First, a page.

We’ve been running as a SCRUM team since 1st April when most of us were transferred to the Symbian Foundation from Nokia – “Agile is the new Black”, so we never really considered any other way of organising the development work. I’ve been the Product Owner for the team for all 5 months, but this is the first actual training I’ve had for SCRUM, though some of the team had SCRUM training at Nokia.
I thought it would be useful to reflect on what we’ve been doing, and compare it to what was in the course, which included both the basic SCRUM methodology and a lot of examples of how people have applied it.
SCRUM, or “SCRUM, but…”?
Strictly, the SCRUM methodology is 3 roles, 5 meetings and some artifacts. Roles first…
I’m the Product Owner, managing and prioritising the product backlog. Andrew Simpson is the SCRUM master, and we have currently 9 other team members. The team has grown a bit too large again – when this happened before there was a “sub team” of 4 people focussed on one particular area, so we split into separate teams, and Mike Kinghan took charge of the new team. I continued as Product Owner for both teams, but I found I was just re-writing Mike’s stories before accepting them into my backlog, so over the last few sprints we’ve effectively separated the backlogs and Mike is now the Product Owner for his team.
Now the meetings…
We have a daily standup meeting around a board with index cards for tasks – tasks start at the left side, move to the middle when in progress and end up at the right when completed, next to the backlog items (in white) that they relate to.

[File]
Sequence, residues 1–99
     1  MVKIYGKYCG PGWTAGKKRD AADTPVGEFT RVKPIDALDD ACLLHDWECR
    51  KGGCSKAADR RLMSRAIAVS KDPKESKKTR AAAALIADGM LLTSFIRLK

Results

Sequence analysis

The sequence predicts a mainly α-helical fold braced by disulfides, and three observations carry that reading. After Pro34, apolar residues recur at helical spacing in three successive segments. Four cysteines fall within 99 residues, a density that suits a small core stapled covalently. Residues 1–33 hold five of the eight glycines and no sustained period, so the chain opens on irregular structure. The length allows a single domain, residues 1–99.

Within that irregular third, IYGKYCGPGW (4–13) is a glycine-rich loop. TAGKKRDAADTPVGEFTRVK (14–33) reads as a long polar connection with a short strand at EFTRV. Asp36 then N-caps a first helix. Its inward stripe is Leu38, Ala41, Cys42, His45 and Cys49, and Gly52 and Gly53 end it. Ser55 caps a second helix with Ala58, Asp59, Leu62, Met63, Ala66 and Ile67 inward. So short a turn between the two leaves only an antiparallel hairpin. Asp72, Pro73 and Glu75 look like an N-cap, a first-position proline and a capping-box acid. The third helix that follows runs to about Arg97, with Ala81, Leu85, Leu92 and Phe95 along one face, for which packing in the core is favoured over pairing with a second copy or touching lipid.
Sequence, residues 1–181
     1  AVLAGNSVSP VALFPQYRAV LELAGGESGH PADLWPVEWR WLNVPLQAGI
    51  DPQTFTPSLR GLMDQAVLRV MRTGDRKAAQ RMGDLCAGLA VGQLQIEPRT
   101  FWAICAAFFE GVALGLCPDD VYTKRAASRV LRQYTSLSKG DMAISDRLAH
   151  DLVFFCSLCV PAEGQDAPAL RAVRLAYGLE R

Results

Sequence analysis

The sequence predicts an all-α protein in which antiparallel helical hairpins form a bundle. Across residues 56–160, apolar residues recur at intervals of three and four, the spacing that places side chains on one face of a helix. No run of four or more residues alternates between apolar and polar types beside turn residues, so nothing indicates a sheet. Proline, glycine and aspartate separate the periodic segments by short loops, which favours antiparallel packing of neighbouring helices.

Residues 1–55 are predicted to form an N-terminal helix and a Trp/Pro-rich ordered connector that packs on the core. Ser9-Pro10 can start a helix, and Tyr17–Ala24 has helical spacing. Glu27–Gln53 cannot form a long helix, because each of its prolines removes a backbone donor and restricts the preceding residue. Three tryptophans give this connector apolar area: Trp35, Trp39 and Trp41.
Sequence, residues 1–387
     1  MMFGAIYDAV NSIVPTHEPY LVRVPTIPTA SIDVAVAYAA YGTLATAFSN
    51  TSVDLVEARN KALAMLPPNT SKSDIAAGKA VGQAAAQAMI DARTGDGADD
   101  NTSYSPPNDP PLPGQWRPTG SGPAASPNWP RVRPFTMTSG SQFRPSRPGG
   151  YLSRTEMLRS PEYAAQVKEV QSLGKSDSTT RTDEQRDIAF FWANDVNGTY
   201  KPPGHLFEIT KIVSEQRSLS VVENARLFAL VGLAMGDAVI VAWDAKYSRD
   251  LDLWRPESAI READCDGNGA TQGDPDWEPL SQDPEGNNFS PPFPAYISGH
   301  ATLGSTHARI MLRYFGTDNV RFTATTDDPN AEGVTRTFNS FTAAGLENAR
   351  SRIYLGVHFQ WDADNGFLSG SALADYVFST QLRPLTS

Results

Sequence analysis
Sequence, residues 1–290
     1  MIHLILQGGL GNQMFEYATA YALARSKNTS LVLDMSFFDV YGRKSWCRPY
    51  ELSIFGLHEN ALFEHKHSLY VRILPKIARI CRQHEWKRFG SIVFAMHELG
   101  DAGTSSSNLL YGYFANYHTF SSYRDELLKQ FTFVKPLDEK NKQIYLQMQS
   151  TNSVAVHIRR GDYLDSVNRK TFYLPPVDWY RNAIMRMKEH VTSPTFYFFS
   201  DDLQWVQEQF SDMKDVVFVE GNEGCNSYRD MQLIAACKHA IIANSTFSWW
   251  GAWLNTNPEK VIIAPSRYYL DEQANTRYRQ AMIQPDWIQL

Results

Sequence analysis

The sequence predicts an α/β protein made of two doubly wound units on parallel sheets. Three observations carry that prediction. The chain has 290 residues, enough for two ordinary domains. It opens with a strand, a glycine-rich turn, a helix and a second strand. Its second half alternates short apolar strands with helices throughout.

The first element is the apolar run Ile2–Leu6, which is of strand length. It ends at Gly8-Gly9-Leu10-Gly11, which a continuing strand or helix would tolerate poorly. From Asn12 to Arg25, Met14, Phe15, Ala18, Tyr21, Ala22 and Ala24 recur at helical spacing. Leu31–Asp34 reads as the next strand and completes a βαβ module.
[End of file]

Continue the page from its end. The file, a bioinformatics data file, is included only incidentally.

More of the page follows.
The standup meeting is at ~10:30am each day and lasts for about 20 minutes. I normally go to the standup, and I sometimes volunteer for a task if I can commit to complete it and it helps towards one of the important stories.
Our sprints run Thursday to Thursday because we have long build times, and it’s important to get good use out of the weekend – if we spent Friday afternoon planning we could have machines sitting idle for 72 hours.
The Sprint Planning meeting starts at 3:30pm on Thursday with my presentation of the stories at the top of the backlog, then the team works through them identifying the tasks. This is much like the Sprint Planning meetings in the training course, but there isn’t any sense of the team committing to complete the stories and saying “enough, we can’t do that one as well”.
At the end of the sprint, we have a Sprint Demo meeting at 11am on Thursday, where I go through the backlog asking for demonstrations, and make a judgement about whether or not I accept that each story has been completed. We usually don’t complete all the stories, and sometimes complete lower priority stories instead of the top priority ones.
We don’t have an explicit Sprint Retrospective meeting, but we have occasional stories which explictly ask for a review of some major activity with recommendations for improvement, and the team aren’t shy about including improvement tasks or requesting improvement stories when they see a need. Agreeing to put more effort into the top priority story is one example of a retrospection outcome which happened without the formal meeting.